Posted in * Culture-Watch, * Religion News & Commentary, Buddhism, Dieting/Food/Nutrition, Other Faiths, Religion & Culture

(BBC) Syria: Homs under 'heaviest' shelling yet

The Syrian city of Homs has come under renewed bombardment for the fifth day running – the heaviest so far, residents have told the BBC.

Activists say more than 40 people have died as a result of the new shelling, but this is difficult to verify.

The attacks come a day after President Bashar al-Assad promised the Russian foreign minister in Damascus that he would end violence and start dialogue.

Read it all and please join me in prayer for the people and situation in Syria.

Posted in Uncategorized

(BBC) General Synod discussing women bishops compromise bid

A compromise to try to meet objectors’ concerns will be presented by the Manchester Diocesan Synod at a meeting of the Church’s ruling council later.

It would give a greater measure of autonomy to male bishops appointed to oversee traditionalist parishes.

But many supporters of women bishops oppose the plans, saying they would make women second-class bishops.

Read it all.

Posted in * Anglican - Episcopal, * Culture-Watch, Anglican Provinces, Church of England (CoE), CoE Bishops, Women

Archbishop Rowan Williams' contribution to debate on Assisted Dying

The full text is now avilable–read it all.

Posted in * Anglican - Episcopal, * Christian Life / Church Life, * Culture-Watch, * International News & Commentary, Anglican Provinces, Archbishop of Canterbury, Church of England (CoE), Death / Burial / Funerals, England / UK, Ethics / Moral Theology, Health & Medicine, Law & Legal Issues, Life Ethics, Parish Ministry, Religion & Culture, Theology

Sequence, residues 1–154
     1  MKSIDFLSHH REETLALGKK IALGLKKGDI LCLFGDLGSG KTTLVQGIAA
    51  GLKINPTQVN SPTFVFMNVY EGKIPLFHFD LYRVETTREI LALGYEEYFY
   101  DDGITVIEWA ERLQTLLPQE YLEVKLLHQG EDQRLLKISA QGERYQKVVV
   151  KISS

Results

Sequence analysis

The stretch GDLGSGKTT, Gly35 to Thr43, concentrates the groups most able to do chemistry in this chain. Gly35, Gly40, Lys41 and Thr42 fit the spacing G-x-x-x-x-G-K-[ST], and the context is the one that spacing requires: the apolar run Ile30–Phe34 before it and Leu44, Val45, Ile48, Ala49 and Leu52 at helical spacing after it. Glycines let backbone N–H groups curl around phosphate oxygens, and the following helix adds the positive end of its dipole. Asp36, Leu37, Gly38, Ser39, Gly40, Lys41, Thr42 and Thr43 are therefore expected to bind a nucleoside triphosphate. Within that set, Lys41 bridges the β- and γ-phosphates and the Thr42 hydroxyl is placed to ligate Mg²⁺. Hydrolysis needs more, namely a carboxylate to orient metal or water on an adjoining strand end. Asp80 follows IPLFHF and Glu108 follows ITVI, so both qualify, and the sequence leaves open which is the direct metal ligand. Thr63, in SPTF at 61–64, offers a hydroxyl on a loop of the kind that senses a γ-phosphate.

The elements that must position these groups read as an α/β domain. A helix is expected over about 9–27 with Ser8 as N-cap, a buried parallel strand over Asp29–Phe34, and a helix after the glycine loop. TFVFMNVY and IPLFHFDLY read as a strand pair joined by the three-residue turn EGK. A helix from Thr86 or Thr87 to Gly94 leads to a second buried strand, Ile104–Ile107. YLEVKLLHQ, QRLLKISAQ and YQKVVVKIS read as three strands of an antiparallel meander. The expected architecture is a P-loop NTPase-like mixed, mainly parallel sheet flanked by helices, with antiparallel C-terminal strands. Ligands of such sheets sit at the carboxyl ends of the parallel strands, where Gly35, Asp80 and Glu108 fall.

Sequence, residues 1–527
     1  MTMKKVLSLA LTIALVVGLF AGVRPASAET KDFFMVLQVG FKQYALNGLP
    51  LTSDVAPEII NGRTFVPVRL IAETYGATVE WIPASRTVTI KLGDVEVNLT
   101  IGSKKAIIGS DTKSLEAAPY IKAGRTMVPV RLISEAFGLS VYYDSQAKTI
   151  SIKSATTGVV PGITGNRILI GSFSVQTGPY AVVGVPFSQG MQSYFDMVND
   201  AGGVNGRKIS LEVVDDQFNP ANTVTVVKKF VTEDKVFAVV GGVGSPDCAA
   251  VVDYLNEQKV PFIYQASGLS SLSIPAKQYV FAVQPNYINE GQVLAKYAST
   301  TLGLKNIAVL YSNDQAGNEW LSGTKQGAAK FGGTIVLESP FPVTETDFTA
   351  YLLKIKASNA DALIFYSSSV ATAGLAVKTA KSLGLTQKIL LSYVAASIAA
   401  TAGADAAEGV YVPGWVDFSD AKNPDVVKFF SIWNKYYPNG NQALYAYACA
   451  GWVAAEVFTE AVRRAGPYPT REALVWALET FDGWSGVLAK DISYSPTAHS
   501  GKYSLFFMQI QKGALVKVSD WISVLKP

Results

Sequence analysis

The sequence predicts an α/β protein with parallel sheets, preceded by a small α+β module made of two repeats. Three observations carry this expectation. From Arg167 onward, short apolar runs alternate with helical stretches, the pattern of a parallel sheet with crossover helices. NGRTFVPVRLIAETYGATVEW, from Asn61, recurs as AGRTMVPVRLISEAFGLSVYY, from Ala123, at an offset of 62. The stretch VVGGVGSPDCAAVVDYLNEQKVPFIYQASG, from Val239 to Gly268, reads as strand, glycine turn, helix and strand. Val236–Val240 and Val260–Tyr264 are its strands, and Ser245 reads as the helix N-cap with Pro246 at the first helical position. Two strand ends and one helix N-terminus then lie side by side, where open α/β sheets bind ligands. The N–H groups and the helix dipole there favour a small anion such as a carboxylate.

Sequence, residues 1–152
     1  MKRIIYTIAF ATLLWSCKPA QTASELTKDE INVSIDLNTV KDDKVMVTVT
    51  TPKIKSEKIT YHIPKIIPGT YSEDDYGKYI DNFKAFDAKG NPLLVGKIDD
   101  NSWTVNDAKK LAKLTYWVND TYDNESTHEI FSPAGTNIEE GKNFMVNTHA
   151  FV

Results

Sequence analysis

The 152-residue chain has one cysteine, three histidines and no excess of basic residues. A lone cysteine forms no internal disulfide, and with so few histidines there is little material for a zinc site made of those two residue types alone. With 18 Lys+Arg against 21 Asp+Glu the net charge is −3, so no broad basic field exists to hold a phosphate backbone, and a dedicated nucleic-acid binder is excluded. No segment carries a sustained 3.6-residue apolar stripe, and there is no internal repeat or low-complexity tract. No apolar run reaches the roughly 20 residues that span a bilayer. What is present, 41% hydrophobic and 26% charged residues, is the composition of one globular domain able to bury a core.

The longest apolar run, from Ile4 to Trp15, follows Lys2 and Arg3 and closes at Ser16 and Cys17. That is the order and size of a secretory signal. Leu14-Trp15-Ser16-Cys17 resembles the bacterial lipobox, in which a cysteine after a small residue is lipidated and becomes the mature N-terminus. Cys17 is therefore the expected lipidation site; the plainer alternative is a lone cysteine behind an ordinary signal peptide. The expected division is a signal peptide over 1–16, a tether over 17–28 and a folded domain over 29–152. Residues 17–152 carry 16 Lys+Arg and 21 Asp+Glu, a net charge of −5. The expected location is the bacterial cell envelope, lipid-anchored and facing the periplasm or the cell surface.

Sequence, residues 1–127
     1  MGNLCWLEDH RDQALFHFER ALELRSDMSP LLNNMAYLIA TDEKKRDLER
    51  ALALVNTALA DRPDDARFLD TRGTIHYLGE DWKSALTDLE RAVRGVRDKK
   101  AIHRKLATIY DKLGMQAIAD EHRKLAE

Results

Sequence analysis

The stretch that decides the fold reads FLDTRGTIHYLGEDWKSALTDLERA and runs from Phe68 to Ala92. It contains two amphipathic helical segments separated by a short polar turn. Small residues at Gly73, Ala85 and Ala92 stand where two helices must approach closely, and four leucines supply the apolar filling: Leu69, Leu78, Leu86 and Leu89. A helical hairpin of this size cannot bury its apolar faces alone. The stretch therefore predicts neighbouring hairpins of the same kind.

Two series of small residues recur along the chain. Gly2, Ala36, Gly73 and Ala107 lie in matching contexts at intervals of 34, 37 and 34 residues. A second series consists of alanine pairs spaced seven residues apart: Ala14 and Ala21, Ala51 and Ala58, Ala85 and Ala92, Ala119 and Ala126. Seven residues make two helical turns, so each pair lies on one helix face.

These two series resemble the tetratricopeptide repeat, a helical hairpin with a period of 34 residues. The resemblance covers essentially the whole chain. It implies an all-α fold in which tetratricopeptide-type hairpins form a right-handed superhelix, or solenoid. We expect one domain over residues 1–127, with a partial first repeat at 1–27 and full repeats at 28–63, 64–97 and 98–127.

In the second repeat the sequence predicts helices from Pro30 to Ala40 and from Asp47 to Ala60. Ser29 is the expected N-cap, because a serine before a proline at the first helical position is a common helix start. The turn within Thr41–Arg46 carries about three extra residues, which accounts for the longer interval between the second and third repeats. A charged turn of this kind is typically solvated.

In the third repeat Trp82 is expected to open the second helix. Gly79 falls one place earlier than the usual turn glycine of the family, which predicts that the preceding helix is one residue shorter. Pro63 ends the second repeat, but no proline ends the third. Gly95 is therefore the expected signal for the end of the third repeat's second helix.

(Guardian) Church of England General Synod debates female bishops – live blog

Read it all.

Posted in * Anglican - Episcopal, * Culture-Watch, Anglican Provinces, Church of England (CoE), CoE Bishops, Women

Blog Followers please note–C of E General Synod has a live Audio Feed

This is the link for those of you (like yours truly) who like to follow this sort of thing.

Posted in * Anglican - Episcopal, * Culture-Watch, Anglican Provinces, Blogging & the Internet, Church of England (CoE), Media

C of E General Synod – Summary of business conducted on Tuesday 7th February

The report on the morning is here and the afternoon report is there.

Posted in * Anglican - Episcopal, Anglican Provinces, Church of England (CoE)

Violinist Anne Akiko Meyers Performs the National Anthem before a Mariner's Baseball Game

Stunning stuff–listen to it all–KSH (Hat Tip: NPR).

Posted in * Culture-Watch, Music

(LA Times Op-Ed) John Barry–A Puritan's 'war against religion'

Reverence for both Scripture and freedom led [Roger] Williams to his position. His mentor was Edward Coke, the great English jurist who ruled, “The house of every one is as his castle,” extending the liberties of great lords ”” and an inviolate refuge where one was free ”” to the lowest English commoners. Coke pioneered the use of habeas corpus to prevent arbitrary imprisonment. And when Chancellor of England Thomas Egerton said, “Rex est lex loquens; the king is the law speaking,” and agreed that the monarch could “suspend any particular law” for “reason of state,” Coke decreed instead that the law bound the king. Coke was imprisoned ”” without charge ”” for his view of liberty, but that same view ran in Williams’ veins.
Equally important to Williams was Scripture. Going beyond the “render unto Caesar” verse in the New Testament, he recognized the difficulty in reconciling contradictory scriptural passages as well as different Bible translations. He even had before him an example of a new translation that served a political purpose. King James had disliked the existing English Bible because in his view it insufficiently taught obedience to authority; the King James Bible would correct that.